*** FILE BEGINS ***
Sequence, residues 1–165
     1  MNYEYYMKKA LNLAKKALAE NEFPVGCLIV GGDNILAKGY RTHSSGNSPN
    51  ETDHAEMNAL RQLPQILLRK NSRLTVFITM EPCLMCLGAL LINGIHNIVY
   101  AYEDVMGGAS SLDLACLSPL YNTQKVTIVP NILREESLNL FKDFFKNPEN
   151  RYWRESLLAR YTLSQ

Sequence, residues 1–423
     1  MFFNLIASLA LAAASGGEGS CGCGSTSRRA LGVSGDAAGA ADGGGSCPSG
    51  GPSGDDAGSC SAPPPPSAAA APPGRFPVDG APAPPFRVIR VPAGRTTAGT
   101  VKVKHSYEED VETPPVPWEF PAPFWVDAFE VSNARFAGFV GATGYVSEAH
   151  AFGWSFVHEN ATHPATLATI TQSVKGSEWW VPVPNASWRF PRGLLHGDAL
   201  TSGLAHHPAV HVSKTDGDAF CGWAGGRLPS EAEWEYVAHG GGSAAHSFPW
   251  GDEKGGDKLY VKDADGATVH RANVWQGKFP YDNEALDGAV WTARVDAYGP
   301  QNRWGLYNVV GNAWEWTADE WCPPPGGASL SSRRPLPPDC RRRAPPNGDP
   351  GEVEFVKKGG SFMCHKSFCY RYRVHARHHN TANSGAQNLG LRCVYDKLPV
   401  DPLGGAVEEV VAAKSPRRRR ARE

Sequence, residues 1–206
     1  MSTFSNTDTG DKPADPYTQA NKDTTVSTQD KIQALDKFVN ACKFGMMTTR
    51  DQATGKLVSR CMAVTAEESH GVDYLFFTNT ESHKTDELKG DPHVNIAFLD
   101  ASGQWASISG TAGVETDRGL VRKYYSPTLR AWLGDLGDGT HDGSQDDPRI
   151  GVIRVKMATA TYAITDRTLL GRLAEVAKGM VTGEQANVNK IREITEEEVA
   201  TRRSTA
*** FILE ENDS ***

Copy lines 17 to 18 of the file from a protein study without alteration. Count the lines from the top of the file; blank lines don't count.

     1  MSTFSNTDTG DKPADPYTQA NKDTTVSTQD KIQALDKFVN ACKFGMMTTR
    51  DQATGKLVSR CMAVTAEESH GVDYLFFTNT ESHKTDELKG DPHVNIAFLD